% unit is dBc in 1 Hz, relative to a unity carrier
    fr_dB = interp1(log(f1_Hz+eps), g1_dBc1Hz, log(f_Hz+eps), 'linear');
   
    % convert to power in 1 Hz, relative to a unity carrier
    fr_pwr = 10 .^ (fr_dB/10);

    % scale to integration step size
    % unit: power in deltaF_Hz, relative to unity carrier
    fr_pwr = fr_pwr * deltaF_Hz;

    % evaluation frequencies are positive only
    % phase noise is two-sided
    % (note the IEEE definition: one-half the double sideband PSD)    
    fr_pwr = fr_pwr * 2;

    % sum up relative power over all frequencies
    pow_relToCarrier = sum(fr_pwr);

    % convert the phase noise power to an RMS magnitude, relative to the carrier
    pnMagnitude = sqrt(pow_relToCarrier);

    % convert from radians to degrees
    r = pnMagnitude * 180 / pi;
end

% ****************************************************************
% Generate a PN signal with the given power spectrum and determine
% the RMS phase error
% ****************************************************************
function r = simulatePN_degRMS(f_Hz, g_dBc1Hz, n, deltaF_Hz);
    A = 1; % unity amplitude, arbitrary

    % indices of positive-frequency FFT bins.
    % Does not include DC
    ixPos = 2:(n/2);
   
    % indices of negative-frequency FFT bins.
    % Does not include the bin on the Nyquist limit
    assert(mod(n, 2) == 0, 'n must be even');
    ixNeg = n - ixPos + 2;
   
    % Generate signal in the frequency domain
    sig = zeros(1, n);
    % positive frequencies
    sig(ixPos) = randn(size(ixPos)) + 1i * randn(size(ixPos));
    % for purely real-valued signal: conj()
    % for purely imaginary-valued signal such as phase noise: -conj()
    % Note:
    %   Small-signals are assumed. For higher "modulation indices",
    %   phase noise would become a circle in the complex plane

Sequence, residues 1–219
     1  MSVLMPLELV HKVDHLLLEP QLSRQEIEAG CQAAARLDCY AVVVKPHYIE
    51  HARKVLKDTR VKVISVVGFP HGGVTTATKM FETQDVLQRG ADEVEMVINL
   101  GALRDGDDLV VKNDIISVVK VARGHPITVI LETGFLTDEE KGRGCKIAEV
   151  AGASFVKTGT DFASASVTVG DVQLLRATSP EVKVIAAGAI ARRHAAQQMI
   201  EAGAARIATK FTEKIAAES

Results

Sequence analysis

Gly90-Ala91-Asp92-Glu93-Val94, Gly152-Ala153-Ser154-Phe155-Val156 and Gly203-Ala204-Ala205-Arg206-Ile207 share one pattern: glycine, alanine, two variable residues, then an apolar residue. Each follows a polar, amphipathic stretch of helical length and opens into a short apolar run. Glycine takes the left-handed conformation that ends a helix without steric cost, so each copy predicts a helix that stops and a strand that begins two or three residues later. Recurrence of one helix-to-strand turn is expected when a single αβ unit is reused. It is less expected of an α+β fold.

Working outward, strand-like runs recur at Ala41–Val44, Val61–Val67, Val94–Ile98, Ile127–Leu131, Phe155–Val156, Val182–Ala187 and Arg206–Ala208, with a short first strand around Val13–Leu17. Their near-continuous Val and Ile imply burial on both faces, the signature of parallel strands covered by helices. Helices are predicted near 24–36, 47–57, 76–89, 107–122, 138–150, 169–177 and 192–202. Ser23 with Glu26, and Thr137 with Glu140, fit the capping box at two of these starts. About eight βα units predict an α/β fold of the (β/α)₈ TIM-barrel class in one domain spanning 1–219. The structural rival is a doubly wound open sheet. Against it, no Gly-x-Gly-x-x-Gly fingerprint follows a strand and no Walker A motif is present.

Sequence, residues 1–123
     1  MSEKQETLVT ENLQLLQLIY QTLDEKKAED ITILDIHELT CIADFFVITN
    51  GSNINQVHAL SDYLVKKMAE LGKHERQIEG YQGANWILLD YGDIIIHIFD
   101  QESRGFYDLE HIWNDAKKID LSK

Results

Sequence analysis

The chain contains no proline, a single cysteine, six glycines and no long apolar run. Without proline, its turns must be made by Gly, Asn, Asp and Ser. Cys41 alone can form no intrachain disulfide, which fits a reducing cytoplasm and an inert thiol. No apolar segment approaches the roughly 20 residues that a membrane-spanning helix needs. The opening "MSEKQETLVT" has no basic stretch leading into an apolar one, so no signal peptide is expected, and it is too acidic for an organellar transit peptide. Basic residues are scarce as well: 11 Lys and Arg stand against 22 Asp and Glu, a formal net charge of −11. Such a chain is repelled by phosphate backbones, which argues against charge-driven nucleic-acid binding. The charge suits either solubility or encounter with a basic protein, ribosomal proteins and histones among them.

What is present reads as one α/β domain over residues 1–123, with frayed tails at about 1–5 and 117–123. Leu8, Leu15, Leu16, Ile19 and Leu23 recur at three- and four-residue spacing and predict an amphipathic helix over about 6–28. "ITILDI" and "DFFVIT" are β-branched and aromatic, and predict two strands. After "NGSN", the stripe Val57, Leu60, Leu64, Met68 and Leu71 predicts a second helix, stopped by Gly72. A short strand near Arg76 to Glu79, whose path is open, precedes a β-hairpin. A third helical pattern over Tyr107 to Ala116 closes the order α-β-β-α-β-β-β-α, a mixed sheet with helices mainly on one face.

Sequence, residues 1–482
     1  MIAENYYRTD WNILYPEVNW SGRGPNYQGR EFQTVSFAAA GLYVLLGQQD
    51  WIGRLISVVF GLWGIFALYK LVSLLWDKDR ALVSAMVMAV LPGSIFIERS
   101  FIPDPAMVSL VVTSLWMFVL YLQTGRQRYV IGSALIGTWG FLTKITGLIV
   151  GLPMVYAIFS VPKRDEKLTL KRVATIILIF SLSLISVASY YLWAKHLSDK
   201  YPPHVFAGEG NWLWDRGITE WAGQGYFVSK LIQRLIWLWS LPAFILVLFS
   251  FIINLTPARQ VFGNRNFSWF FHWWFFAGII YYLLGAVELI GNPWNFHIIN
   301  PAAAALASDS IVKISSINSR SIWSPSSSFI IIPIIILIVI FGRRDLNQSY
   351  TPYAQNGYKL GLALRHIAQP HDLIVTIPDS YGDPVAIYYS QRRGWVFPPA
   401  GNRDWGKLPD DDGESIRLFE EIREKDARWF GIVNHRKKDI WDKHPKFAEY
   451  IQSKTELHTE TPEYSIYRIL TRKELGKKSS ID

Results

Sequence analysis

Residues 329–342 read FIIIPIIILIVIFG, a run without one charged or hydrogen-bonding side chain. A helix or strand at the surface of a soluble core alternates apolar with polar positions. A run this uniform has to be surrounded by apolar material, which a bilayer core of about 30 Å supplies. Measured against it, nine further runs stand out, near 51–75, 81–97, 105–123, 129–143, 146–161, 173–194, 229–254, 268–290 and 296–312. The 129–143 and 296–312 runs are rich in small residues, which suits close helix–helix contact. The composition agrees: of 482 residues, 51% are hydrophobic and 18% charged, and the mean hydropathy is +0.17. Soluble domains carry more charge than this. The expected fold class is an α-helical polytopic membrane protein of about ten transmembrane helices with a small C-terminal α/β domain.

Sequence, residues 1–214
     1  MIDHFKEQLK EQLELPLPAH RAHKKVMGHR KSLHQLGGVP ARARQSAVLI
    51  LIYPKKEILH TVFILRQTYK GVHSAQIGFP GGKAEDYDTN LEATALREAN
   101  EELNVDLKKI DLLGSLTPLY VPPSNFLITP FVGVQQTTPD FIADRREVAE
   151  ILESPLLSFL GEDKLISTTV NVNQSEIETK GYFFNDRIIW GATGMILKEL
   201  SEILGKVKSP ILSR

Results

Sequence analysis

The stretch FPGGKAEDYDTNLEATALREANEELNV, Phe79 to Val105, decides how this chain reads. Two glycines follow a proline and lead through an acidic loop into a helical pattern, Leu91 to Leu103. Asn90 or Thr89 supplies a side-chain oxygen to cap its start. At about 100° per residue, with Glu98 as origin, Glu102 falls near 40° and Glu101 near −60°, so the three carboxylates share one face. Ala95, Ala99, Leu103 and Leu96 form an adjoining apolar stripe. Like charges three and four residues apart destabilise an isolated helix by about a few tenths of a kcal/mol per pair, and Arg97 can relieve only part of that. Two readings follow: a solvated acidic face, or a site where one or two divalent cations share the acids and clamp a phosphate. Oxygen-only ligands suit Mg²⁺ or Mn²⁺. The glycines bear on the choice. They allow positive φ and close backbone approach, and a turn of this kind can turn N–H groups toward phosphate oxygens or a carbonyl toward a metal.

sig(ixNeg) = -conj(sig(ixPos));
   
    % normalize energy to unity amplitude A per bin
    sig = sig * A / RMS(sig);

    % normalize energy to 0 dBc in 1 Hz
    sig = sig * sqrt(deltaF_Hz);

    % frequency vector corresponding to the FFT bins (0, positive, negative)
    fb_Hz = FFT_freqbase(n, deltaF_Hz);

    % interpolate phase noise spectrum on frequency vector
    % interpolate dB on logarithmic frequency axis
    H_dB = interp1(log(f_Hz+eps), g_dBc1Hz, log(abs(fb_Hz)+eps), 'linear');

    % dB => magnitude
    H = 10 .^ (H_dB / 20);

    % plot on linear f axis
    figure(); hold on;
    plot(fftshift(fb_Hz), fftshift(mag2dB(H)), 'k');
    xlabel('f/Hz'); ylabel('dBc in 1 Hz');
    title('phase noise spectrum (linear frequency axis)');
   
    % plot on logarithmic f axis
    figure(); hold on;
    ix = find(fb_Hz > 0);
    semilogx(fb_Hz(ix), mag2dB(H(ix)), 'k');
    xlabel('f/Hz'); ylabel('dBc in 1 Hz');
    title('phase noise spectrum (logarithmic frequency axis)');
   
    % apply frequency response to signal
    sig = sig .* H;
   
    % add carrier
    sig (1) = A;

    % convert to time domain
    td = ifft(sig);
   
    % determine phase
    % for an ideal carrier, it would be zero
    % any deviation from zero is phase error
    ph_deg = angle(td) * 180 / pi;

    figure();
    ix = 1:1000;
    plot(ix / n / deltaF_Hz, ph_deg(ix));
    xlabel('time / s');
    ylabel('phase error / degrees');
    title('phase of example signal (first 1000 samples)');
   
    figure();
    hist(ph_deg, 300);
    title('histogram of example signal phase');
    xlabel('phase error / degrees');

    % RMS average
    % note: exp(1i*x) ~ x
    %       as with magnitude, power/energy is proportional to phase error squared
    r = RMS(ph_deg);
   
    % knowing that the signal does not have an amplitude component, we can alternatively
    % determine the RMS phase error from the power of the phase noise component

    % exclude carrier:
    sig(1) = 0;

    % 3rd alternative to calculate RMS phase error
    rAlt_deg = sqrt(sig * sig') * 180 / pi    
end

% gets a vector of frequencies corresponding to n FFT bins, when the
% frequency spacing between two adjacent bins is deltaF_Hz
function fb_Hz = FFT_freqbase(n, deltaF_Hz)
    fb_Hz = 0:(n - 1);
    fb_Hz = fb_Hz + floor(n / 2);
    fb_Hz = mod(fb_Hz, n);
    fb_Hz = fb_Hz - floor(n / 2);
    fb_Hz = fb_Hz * deltaF_Hz;
end

% Root-mean-square average
function r = RMS(vec)
    r = sqrt(vec * vec' / numel(vec));
end

% convert a magnitude to dB
function r = mag2dB(vec)
    r = 20*log10(abs(vec) + eps);
end
 
 
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Rating: 5 | Votes: 1
 
   
 
posted by Markus Nentwig
Markus received his Dipl. Ing. degree in electrical engineering / communications in 1999. Work interests include RF transceiver system design, implementation, modeling and verification. He works as principal engineer for Broadcom in Helsinki, Finland.